In a recent Exchange 2010 to Exchange 2016 migration, I was doing all the standard testing for mailflow after placing a test mailbox on the Exchange 2016 server. In this environment, the private and public DNS and NAT on the firewall were still pointing to the Exchange 2010 server as it is a good idea to make sure everything is working prior to making your DNS changes. I tested the following for mail flow:
- Exchange 2010 -> Exchange 2016
- Exchange 2016 -> Exchange 2010
- Exchange 2010 -> External
- External -> Exchange 2010
- Exchange 2016 -> External
- External -> Exchange 2016
I was striking out on #1 and #6. No. 6 made sense, because for mail to come in from external it had to hit the Exchange 2010 server first, and then route to the Exchange 2016 server. If that wasn’t working then the mailflow from external to the Exchange 2016 server would not work.
Eventually the mail sent from the Exchange 2010 server to a mailbox on the Exchange 2016 server would get returned with a non delivery report (NDR) to the mailbox on Exchange 2010. Looking at the Exchange 2010 toolbox’s Queue Viewer I found this as the error:
DNS issues. I checked the local adapter DNS settings and there was a public IP address listed at the third address. As it was listed as the third entry I wouldn’t think that would have been the issue, however I removed it anways as public IP addresses should never be put on domain joined computers. They should always rely on the DNS servers (usually the Active Directory Domain Controllers) for DNS. Afterwards, from an elevated command prompt I did an “ipconfig /flushdns” and for good measure an “ipconfig /registerdns.” I restarted the Microsoft Exchange Transport service and retried the messages in the queue. Still no go.
However, Exchange doesn’t have to use the Network Adapter settings for its DNS. Inside of Exchange Management Console on the Exchange 2010 server, if you navigate to Server Configuration, Hub Transport, right click your server and go to properties; there are two DNS relevant tabs in there (External DNS Lookups and Internal DNS Lookups). The Exchange 2010 server was set to this:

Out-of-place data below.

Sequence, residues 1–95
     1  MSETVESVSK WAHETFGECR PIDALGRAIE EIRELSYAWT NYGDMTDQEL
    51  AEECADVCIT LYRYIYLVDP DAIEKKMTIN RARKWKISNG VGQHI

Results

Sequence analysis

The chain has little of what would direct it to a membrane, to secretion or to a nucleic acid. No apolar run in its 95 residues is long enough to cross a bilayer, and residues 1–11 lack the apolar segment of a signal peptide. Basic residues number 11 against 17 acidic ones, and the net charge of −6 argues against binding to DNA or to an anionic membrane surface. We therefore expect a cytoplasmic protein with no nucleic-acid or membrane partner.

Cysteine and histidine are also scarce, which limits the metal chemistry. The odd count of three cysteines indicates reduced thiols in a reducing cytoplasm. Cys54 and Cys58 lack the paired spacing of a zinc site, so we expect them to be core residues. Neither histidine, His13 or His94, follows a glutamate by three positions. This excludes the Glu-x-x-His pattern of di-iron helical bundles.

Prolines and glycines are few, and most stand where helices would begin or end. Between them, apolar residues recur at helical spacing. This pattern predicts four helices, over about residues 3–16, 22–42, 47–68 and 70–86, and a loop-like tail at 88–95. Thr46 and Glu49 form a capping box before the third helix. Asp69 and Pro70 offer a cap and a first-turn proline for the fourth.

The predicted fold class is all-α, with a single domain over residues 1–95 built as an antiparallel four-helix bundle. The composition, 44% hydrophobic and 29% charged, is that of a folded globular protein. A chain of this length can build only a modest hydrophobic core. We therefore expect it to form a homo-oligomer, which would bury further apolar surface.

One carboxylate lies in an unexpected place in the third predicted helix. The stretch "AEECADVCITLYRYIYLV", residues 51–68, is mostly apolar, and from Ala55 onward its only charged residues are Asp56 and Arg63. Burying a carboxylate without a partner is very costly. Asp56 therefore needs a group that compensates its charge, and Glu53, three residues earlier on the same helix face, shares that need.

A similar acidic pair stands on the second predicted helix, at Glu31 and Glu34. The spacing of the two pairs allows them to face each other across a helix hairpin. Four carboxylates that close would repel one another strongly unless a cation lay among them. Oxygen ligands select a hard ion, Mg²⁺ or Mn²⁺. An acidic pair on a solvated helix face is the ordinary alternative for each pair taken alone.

So, while the network adapter card settings were correct, Exchange was configured to ignore the DNS settings for the network card and use the settings specified here. After seeing this it was obvious that this Exchange 2010 would never be able to lookup the internal FQDN of the Exchange 2016 server. I changed these two settings to use the network card DNS settings for All Available IPv4.
I applied the settings and restarted the Microsoft Exchange Transport service again. I expected messages to clear the queue, and yet, they did not!
Something’s fishy. I went to the Exchange Management Shell to see what might be going on. From there, I ran the command:
Get-TransportServer | fl *dns*
While I had changed the properties of the transport server to not use the external DNS servers, they still were set to use them! Time to try again through PowerShell.
Set-TransportServer -Identity <servername> -InternalDNSServers $null
Set-TransportServer -Identity <servername> -ExternalDNSServers $null
Check your work with the same command you used before:
Get-TransportServer | fl name, *dns*
Much better. Restart the Microsoft Exchange Transport service one more time. This time around I watched the mail start flowing out of the queue.
Other useful commands I found in troubleshooting this in the Exchange Management Shell were:
This would show all the Next Hop Domain identities and counts of mail in the queue and their status. Find the one where mail is building up and run this:
Get-queue -Identity <servername>\<identity> | FL
This should give more information about the mail stuck in the queue and reasons for it.
Hope this one saves you some troubleshooting time.
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